Next came the illustration of Noah’s boat surrounded by flood waters, lightning was slashing the dark sky, and people could be seen huddled on rocks facing their imminent doom as the waters were rising, with nowhere to go. Many bodies were already in the water desperately trying to swim towards the boat…but it was too late. The doors were closed. The people had procrastinated their repentance and they had mocked the prophets warning. The day of reckoning had arrived as they were told. As I studied that picture, I would imagine the cold water rising around them, sucking them slowly down. I would then imagine Noah and his family and the animals warm and safe and dry inside the boat which God had blessed them with. I decided that Noah’s group must have been very sad to hear the crying of the people outside. But the boat was shut up tight against the storm, and it could not be opened. I realized very young that in order to be safe, it was critical to listen to God’s prophets, and take their warnings seriously!
In the Illustrated Book of Mormon there were detailed pen and ink drawings of each character. Lehi, Sariah, Nephi and the rest of their family were depicted journeying from Jerusalem. There was the prophet Abinadi, who sacrificed his life because he would not deny Christ. The righteous King Benjamin who taught his people to serve each other was shown working alongside them in the fields. There was the prophet Alma who baptized hundreds, and rescued them from a wicked king, and The Sons of Mosiah who embarked on a courageous mission to their enemies. There was wise King Lamoni, and the faithful servant woman Abish…along with hundreds of others!
One of my favorite drawings was of the prophet Mormon, who tirelessly compiled all of the records kept over the centuries, and carefully engraved an abridgement upon thin sheets of metal bound together, often called the ‘golden plates’. Before Mormon’s death, he entrusted everything to his son.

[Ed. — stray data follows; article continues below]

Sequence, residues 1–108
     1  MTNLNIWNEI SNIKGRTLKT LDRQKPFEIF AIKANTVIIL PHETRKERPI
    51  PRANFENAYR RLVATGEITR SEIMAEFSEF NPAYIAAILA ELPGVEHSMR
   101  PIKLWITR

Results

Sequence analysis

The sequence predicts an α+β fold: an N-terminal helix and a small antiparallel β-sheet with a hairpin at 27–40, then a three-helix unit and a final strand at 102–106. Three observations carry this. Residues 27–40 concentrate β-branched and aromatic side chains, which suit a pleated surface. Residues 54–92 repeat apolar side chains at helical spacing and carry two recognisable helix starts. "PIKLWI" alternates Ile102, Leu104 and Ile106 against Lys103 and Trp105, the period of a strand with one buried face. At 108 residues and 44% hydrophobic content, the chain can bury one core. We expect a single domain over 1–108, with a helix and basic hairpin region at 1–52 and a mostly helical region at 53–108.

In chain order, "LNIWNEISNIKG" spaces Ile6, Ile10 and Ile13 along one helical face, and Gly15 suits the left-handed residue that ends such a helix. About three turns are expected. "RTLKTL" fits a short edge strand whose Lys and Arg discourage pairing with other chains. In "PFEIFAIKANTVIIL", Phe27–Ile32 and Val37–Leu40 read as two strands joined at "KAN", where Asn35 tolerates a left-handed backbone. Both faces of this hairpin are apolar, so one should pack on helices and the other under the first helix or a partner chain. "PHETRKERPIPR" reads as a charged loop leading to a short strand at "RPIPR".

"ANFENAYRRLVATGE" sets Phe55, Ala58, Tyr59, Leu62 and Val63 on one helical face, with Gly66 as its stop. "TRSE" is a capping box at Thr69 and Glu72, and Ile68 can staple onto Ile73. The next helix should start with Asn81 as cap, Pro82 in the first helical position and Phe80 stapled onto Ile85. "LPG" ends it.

The name of Mormon’s son was Moroni (always illustrated very muscular). He finished engraving the last pages of the book with his own words of faith and prophecy. After watching all of his people die in a great war, he wandered alone, hiding from the enemy. He saw in vision, our generation. He knew that we would be the ones to read the book which his father had abridged, and he was carrying and protecting. He wrote a promise to all who would read the book someday, that if they studied it prayerfully, they would know its truth. In approx. 421 A.D. Moroni buried the plates deep in the ground of a hillside called Cumorah.
On Sept 21, 1823 Moroni would return as an angel to visit a boy named Joseph Smith, who was the one God had chosen to translate the ancient plates into English. (Read Joseph’s personal account) Moroni gave the plates to Joseph in 1827. The book was published in 1830. To honor Moroni’s father, who had devoted his entire life to the abridgement of this extensive ancient scripture, it was titled The Book of Mormon.
Within my family’s illustrated copy of this book, there were a few color paintings included, which were very beautiful by artists such as Arnold Freiberg, and Minerva Teichert. The crowning page of the book was the illustration of Jesus coming to visit the people of the Americas. He is shown decending from the sky within a bright light, and the people looking up in wonder. They had survived 3 days of complete darkness and terrible storms and earthquakes, which was the sign that Christ had been crucified in Jerusalem. Now, as a Resurrected being, he was visiting his people on the American continent as promised for centuries. I would gaze at this picture over and over again. I imagined the fear that the mothers and fathers and children had endured during the earthquakes, and three days of darkness – which was described as so thick no-one could even see their hand in front of their face. Now, the hope and joy they felt at this moment. Jesus was there in person! He decended to earth, and he showed them the marks of the wounds in his hands and feet and side. He then called each person to come forward and touch these marks, and to be embraced individually in his arms. They bathed his feet with their tears, and he blessed them and comforted them. He healed their sick and injured, he taught them his gospel, and he organized his church.